As mom to four biological boys, I remember the ultrasound appointments where the heart, kidneys, bones and limbs were surveyed and carefully measured. I was blessed with healthy boys and encouraging news from each of those prenatal appointments.
Often, I wonder if my girls’ China mommies had ultrasounds, and if they knew prior to birth that their daughters would have medical issues. I wonder if that affected the very difficult decisions that were made and resulted in two beautiful girls becoming beloved daughters in our family….
We brought home our first daughter in 2011 at 20 months old. Her medical need was related to a defect in the urological system and was listed as hydronephrosis. She had one surgery to correct the issue and was released from medical care.
We found her medical special need was relatively easy compared to the difficulty she had learning to accept love and a family.
She rejected me in China and would gorge herself at meal times. It was very difficult trip and a long adjustment once we arrived home. She has taught me so much about parenting children with traumatic backgrounds. Karyn Purvis became my mentor through her book, The Connected Child, and the associated videos from TCU Institute of Child Development.
In 2014, as we began researching special needs for our second adoption, we felt open to kidney/urological conditions that our first daughter had, but I kept feeling a tug at my heart for children with limb differences. We considered several special needs such as heart defects, cleft lip/palate, and scoliosis.
We reviewed several files, but my husband and I couldn’t get peace about the files. One day, while browsing agency waiting child pages, I saw her. I immediately emailed and asked for her file.
Of course, several other families were interested as well. I proceeded to call our local Shriners Hospital and to ask for a review. After reviewing the file, the doctor wrote back “amputation and fitting for a prosthesis.”
We pressed forward with our paperwork, but we were questioned by our social worker, friends and family as to whether or not we really wanted to bring home a child with limb differences. There were times that I was discouraged, but I kept reading blogs and articles about how amazingly resilient these children were. From the information in our daughter’s file and the pediatric orthopedic surgeon’s review, we were hoping for the best outcome.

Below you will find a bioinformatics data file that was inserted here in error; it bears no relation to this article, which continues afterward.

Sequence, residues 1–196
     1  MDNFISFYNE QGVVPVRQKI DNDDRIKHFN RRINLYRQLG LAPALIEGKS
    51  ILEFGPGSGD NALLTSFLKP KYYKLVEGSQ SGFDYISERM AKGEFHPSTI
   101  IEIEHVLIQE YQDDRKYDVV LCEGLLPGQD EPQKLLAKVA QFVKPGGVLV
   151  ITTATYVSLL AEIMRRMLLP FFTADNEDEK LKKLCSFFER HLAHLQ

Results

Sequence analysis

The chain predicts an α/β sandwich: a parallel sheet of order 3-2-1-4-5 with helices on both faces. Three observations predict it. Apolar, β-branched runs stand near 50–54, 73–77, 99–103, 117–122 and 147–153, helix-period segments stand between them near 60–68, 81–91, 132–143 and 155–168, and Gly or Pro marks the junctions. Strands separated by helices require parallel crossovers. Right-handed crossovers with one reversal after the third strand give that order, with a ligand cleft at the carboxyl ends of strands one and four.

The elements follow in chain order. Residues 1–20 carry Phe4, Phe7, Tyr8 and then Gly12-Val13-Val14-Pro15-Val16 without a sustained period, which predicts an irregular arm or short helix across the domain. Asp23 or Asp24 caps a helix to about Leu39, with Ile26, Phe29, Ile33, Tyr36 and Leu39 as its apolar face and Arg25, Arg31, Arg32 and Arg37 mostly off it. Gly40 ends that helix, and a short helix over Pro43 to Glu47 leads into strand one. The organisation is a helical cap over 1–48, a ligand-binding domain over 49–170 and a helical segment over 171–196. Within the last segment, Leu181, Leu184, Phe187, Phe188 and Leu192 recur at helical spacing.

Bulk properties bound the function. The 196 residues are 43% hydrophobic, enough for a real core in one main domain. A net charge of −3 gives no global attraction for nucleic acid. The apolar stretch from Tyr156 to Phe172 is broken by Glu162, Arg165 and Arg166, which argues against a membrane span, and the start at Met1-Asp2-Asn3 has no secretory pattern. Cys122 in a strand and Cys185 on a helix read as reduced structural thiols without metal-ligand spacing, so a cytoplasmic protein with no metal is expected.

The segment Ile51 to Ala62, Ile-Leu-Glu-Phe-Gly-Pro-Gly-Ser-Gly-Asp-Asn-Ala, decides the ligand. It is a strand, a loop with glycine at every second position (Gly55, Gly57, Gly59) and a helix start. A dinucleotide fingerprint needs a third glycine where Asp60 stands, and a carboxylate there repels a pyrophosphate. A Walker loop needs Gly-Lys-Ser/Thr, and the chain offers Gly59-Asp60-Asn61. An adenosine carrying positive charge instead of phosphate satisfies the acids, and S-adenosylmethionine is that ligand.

With a bundle of nerves, we traveled to China. When our daughter first met us, she cried pitifully for the orphanage director. But 24 hours later, she was fine to see her again and returned happily to our arms. Her easy transition was such a blessing.
Throughout the trip she had a few difficult moments but, for the most part, she engaged in playful behavior, tried mimicking our words, and slept peacefully on her daddy’s chest. If her leg was noticed in public, we observed people quietly whispering to each other and pointing. It was obvious that they had not been exposed to many limb differences. We had seen pictures of her standing on her shorter leg, but in China, she would not move unless carried. It wasn’t until we got home that she felt comfortable enough to show us that she could actually walk.
We had our first appointment at Shriners Hospital in Greenville, SC, and the doctor decided upon amputation of her little foot.
The growth of her foot had been restricted by amniotic band syndrome, and she could not be fitted for a prosthetic leg without having the foot removed. The surgery was outpatient, and we were home by late afternoon. She spent three weeks in a spica cast, which came up one leg and wrapped around her waist.
Although it was recommended that she not walk on the cast, it didn’t slow her down, and she wore a hole through the outer layer. Within three months of surgery, she was fitted for her first leg, and it took less than a week for her to take off.
A few months later, she had a follow up outpatient surgery to release a band around what would have been her ankle and spent two more weeks in a cast above the knee. She has tolerated the surgeries and the casts well and has now been fitted for her second leg.
In the mornings, she crawls into my room and asks me to put on her leg. It really isn’t much different than putting on shoes. Because she wears an elastic sleeve to hold on her leg, she can’t wear pants that are too slim through the leg.
She has integrated into our family seamlessly. She has an amazingly resilient personality, just like many of the other children with limb differences whom I have met and cheered for through blogs and Facebook.
We are blessed to call her our daughter and wish that her China mommy could know that she runs and climbs and has no limits.
– guest post by Debbie